Potential buyers check the Park Signature sales office at Discovery Park in Tsuen Wan. Photo: May Tse

Hong Kong property cooling rules make strong case for 'buyer beware'

Agents warn that some would-be buyers of new homes are finding government regulations blocking their investment plans

With the introduction of a range of cooling measures including increased stamp duties, the age-old watchwords "buyer beware" have never rung more true for those seeking a home in Hong Kong, say property analysts.

"There are now so many cooling policies in the market that buyers often do not fully understand how they change the down payments they will have to make, and how big their monthly loan repayments will be," said Ivy Wong Mei-fung, managing director of Centaline Mortgage Broker.

"As a result. many are walking away from deals when they realise they have got their sums wrong."

The government's figures on sales of new homes show that 42 offers to buy have gone uncompleted since its website opened on April 29.

Agents warn that this is because the cooling measures have changed the arithmetic of calculating maximum loan amounts and therefore the size of the down payment buyers have to make and what their monthly loan repayments will be.

Data from the website shows that since June 29, 10 buyers walked away from offers they put in for flats at The Bayview in To Kwa Wan, forfeiting their deposits. There were also nine non-completed deals at Park Signature in Yuen Long, and eight at The Rise in Tsuen Wan.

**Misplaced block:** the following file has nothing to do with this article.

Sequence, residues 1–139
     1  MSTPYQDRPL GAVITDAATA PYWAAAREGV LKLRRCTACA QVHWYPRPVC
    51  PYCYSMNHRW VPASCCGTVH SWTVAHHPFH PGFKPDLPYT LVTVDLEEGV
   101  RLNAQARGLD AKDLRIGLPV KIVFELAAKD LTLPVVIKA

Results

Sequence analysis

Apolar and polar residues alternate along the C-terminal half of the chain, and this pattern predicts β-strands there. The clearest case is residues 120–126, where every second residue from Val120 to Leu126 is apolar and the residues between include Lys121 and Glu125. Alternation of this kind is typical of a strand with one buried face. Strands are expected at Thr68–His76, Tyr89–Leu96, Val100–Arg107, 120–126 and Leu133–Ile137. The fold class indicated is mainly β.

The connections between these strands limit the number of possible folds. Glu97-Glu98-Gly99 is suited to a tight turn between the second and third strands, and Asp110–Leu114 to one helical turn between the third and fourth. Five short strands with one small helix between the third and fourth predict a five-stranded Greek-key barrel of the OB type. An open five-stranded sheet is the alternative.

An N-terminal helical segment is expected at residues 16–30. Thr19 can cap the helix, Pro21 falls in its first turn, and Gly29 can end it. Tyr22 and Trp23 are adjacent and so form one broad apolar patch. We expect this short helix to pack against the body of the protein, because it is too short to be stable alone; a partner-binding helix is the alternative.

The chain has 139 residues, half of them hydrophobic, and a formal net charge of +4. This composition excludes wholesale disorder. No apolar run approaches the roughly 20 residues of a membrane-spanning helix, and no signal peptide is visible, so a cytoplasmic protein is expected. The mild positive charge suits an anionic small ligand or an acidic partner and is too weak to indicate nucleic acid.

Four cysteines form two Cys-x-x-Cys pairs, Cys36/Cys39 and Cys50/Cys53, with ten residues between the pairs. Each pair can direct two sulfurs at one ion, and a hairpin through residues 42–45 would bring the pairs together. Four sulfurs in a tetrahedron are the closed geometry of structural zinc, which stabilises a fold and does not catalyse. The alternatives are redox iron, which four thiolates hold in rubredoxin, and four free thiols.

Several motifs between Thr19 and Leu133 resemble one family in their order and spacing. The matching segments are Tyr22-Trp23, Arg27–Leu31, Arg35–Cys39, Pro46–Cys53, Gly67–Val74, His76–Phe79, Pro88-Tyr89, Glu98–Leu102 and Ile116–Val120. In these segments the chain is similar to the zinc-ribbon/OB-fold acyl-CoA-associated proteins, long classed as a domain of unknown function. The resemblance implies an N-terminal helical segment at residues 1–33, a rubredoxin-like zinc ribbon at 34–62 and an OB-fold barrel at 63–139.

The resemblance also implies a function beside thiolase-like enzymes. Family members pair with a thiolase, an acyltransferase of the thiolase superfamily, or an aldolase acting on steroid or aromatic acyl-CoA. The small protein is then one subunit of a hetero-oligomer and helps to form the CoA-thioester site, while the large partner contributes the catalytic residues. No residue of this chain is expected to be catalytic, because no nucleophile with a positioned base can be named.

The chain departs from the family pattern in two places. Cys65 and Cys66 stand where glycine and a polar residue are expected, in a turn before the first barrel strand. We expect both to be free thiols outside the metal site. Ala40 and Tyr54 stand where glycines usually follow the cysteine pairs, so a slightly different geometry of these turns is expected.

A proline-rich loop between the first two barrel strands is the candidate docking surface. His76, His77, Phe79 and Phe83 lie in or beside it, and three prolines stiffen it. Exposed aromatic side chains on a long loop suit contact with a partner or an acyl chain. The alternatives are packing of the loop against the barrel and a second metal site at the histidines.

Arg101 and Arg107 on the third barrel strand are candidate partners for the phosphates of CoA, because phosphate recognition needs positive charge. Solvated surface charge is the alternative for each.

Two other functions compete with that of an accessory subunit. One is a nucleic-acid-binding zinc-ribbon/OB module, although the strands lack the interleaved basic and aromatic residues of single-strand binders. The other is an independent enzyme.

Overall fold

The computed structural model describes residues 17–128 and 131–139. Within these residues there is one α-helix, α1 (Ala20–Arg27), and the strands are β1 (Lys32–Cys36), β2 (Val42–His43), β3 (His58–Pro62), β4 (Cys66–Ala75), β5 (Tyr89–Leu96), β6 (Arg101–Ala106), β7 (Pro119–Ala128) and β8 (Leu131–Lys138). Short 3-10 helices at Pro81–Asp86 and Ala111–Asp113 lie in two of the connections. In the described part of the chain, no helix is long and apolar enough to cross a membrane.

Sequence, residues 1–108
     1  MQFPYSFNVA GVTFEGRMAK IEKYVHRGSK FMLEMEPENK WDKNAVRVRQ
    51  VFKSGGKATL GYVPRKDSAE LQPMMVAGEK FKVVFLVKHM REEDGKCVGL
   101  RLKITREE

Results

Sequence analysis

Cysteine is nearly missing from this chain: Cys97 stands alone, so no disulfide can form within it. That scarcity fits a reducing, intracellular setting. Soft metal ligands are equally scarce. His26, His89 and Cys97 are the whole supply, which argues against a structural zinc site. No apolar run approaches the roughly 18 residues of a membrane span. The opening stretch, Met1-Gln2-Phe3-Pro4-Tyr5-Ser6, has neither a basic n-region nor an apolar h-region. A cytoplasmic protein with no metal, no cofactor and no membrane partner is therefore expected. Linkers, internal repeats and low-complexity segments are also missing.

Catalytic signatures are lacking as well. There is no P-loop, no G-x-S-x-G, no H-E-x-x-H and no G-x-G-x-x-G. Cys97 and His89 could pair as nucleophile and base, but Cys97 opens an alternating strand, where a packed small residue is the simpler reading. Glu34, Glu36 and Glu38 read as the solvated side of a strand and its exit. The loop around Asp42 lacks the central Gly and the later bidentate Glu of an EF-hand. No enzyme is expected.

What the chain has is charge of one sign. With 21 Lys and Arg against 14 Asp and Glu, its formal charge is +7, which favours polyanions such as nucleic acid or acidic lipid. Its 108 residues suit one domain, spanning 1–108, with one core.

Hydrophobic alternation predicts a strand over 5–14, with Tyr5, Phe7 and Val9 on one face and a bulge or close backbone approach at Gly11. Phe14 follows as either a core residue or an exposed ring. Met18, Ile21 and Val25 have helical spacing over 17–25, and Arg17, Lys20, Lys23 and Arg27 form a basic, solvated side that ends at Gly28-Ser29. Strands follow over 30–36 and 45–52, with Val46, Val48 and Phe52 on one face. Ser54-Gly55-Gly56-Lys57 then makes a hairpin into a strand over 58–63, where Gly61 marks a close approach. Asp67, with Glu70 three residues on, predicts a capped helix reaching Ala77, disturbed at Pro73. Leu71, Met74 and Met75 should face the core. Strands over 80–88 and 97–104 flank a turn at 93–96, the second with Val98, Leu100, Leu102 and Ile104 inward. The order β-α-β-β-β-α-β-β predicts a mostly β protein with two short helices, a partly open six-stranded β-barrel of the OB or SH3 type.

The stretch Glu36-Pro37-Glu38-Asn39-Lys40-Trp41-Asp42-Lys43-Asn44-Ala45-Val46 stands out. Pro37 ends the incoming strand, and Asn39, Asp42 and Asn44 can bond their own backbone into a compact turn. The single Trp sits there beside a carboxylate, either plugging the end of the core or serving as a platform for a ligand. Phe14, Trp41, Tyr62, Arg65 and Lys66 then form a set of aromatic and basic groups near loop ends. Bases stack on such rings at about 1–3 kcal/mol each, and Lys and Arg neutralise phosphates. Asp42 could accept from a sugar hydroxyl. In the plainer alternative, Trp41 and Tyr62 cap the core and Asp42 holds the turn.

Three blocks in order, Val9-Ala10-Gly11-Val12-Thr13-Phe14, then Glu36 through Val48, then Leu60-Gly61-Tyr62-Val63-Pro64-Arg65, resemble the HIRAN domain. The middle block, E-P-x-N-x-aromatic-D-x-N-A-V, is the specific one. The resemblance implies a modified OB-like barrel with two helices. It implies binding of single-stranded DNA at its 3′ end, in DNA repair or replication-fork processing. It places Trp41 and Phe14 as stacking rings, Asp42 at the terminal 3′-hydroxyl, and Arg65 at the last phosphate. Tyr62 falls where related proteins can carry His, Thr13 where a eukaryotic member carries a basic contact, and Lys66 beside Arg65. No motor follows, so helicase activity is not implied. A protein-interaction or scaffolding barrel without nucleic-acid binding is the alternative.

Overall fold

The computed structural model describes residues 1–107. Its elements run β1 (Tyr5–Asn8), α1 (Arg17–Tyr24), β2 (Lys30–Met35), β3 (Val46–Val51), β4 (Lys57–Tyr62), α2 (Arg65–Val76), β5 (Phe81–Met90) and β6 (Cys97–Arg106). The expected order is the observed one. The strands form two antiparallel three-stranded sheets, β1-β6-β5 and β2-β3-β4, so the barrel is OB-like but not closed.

"We are seeing more buyers walk away from the deals where the flats are being sold for HK$8 million or above," Wong said.

"We had a client who bought a flat for more than HK$9 million who made the offer because he believed he could get a mortgage of 60 per cent of the value of the flat. He was not aware that the Hong Kong Monetary Authority had introduced a cap of HK$5 million on loans that may be advanced for buying properties priced between HK$7 and HK$10 million. So he had to walk away from the deal."

Wong said many buyers also misunderstand the calculation of the maximum debt-to-income ratio test required by the banks under a guideline stipulated by the HKMA, and the confusion left them unable to raise a big enough loan from their banks.

As an example, Wong cited the hypothetical example of a buyer with a monthly income of HK$100,000 who already owned a flat and who decided to buy a second home.

The hypothetical buyer proceeded on the view that if he were to raise a loan to buy a second home he could afford monthly repayments of HK$20,000, and his repayments on both loans would fall below the 50 per cent maximum rate allowed by the HKMA. However, he did not realise that the ratio had been cut to 40 per cent in the case of loans on the purchase of second homes, and as a result he would have to walk away from his offer because he could not afford it.

David Chan, a director at Ricacorp Properties in the New Territories, said some buyers walked away from deals because they were unable to sell their existing flats within the allowable period of six months.

The uncertain market outlook also led some buyers to cancel deals, said Midland Realty director Sammy Po Siu-ming.

"Some buyers worried that property prices would drop sharply after they saw developers cutting the asking prices of their new projects," he said.

This article appeared in the South China Morning Post print edition as: 'Buyer beware' vital amid cooling moves